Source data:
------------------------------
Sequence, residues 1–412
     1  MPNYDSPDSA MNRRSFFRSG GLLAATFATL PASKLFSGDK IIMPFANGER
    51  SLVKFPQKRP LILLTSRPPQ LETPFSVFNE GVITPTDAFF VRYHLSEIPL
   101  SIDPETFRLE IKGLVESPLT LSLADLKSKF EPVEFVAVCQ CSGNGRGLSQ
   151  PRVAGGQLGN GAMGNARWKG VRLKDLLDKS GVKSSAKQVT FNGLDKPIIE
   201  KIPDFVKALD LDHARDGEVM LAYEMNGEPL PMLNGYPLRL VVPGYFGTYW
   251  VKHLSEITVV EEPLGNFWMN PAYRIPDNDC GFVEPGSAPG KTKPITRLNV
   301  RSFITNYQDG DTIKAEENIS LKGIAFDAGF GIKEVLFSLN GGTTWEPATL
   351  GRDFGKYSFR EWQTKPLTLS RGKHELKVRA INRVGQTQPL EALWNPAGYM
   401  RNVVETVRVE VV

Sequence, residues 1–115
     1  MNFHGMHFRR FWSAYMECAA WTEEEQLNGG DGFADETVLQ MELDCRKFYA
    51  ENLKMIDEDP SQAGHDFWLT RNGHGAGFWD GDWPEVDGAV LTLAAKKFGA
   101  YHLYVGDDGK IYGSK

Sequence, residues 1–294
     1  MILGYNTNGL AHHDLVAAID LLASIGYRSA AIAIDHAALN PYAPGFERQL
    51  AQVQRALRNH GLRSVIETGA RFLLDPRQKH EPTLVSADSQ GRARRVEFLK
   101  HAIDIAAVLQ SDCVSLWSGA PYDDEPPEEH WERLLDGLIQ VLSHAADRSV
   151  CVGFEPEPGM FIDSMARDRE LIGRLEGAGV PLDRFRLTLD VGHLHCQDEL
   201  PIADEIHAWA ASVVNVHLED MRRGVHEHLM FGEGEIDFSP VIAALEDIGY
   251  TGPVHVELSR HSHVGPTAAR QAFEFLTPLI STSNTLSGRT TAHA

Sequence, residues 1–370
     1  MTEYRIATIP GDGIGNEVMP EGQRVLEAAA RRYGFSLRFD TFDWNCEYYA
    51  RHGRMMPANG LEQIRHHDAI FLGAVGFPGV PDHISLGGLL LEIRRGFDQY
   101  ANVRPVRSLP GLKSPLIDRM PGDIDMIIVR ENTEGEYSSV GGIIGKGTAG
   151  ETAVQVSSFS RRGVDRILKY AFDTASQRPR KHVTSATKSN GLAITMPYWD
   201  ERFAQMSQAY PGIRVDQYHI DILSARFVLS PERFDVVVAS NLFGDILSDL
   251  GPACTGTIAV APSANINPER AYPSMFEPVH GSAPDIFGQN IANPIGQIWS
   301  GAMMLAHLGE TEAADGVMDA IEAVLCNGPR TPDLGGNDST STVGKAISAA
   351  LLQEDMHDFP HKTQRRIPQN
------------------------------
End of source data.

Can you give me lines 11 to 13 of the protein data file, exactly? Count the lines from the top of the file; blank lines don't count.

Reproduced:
Sequence, residues 1–115
     1  MNFHGMHFRR FWSAYMECAA WTEEEQLNGG DGFADETVLQ MELDCRKFYA
    51  ENLKMIDEDP SQAGHDFWLT RNGHGAGFWD GDWPEVDGAV LTLAAKKFGA